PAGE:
What should Education do to the learner? Answering the question in view of the curriculum planning and implementation.
Mkandawire, Benson (2010). What should Education do to the Learner. Seminar Paper at the University of Zambia in Lusaka.
Education planning and curriculum designs should perceive education as a tool for preparing the learner to realize that their development cannot be facilitated or done by someone else but themselves; that rather than wait for government or guardians to decide on their behalf what they need, learners should insist in being involved in the affairs of the society that apply or affect them including the decision making processes for necessary redress of issues concerning their community welfare and their lives. This is because “Education is a deliberate attempt to acquire and transmit the accumulated worth-while skills, attitude, knowledge and understanding from one human generation to the next. It includes all activities which are worth-while and can be taught or learned through a variety of meaningful ways.” Mbiti (1981).
Education in planning and curriculum should be oriented towards raising critical consciousness in the learner so that they can develop the ability to perceive social, political, and economic oppression with a critical mind and to take action against the oppressive elements of society.
“If we talk about education, we have to talk about how to enhance our children’s mastery over the tools needed to live intelligent, creative, and with an impetus for learning throughout life”, Danny Glover. “The central task of education is to implant a will and facility for learning; it should produce not learned but learning people. The truly human society is a learning society, where grandparents, parents and children are students together.” Eric Hoffer.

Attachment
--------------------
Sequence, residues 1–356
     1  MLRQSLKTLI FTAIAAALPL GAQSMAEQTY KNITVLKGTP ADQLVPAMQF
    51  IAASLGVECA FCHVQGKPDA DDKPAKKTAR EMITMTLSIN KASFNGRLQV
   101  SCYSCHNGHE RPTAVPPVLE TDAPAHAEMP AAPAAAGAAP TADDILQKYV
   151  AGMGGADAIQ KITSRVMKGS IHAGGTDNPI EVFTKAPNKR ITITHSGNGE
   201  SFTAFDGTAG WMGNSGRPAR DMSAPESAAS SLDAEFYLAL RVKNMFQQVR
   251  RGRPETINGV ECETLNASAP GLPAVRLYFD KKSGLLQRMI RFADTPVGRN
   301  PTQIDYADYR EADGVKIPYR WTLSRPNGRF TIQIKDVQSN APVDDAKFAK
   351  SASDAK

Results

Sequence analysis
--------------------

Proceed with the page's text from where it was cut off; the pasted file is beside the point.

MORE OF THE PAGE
Education should prepare the learner for the rest of his or her life. “Learning is not attained by chance. It must be sought for with ardor and attended to with diligence. My bursting heart must find vent at my pen.” Abigail Adams.
Educational planning and curriculum designs should aim at humanizing the learner so that they become more fully humans with the inner self and the society. “The new education must be less concerned with sophistication than compassion. It must recognize the hazards of tribalism. It must teach man the most difficult lesson of all times—to look at someone anywhere in the world and be able to see the image of himself. The old emphasis upon superficial differences that separate peoples must give way to education for citizenship in the human community. With such an education and with such self-understanding, it is possible that some nation or people may come forward with the vital inspiration that men need no less than food. Leadership on this higher level does not require mountains of gold or thundering propaganda. It is concerned with human destiny. Human destiny is the issue. People will respond.” Norman Cousins.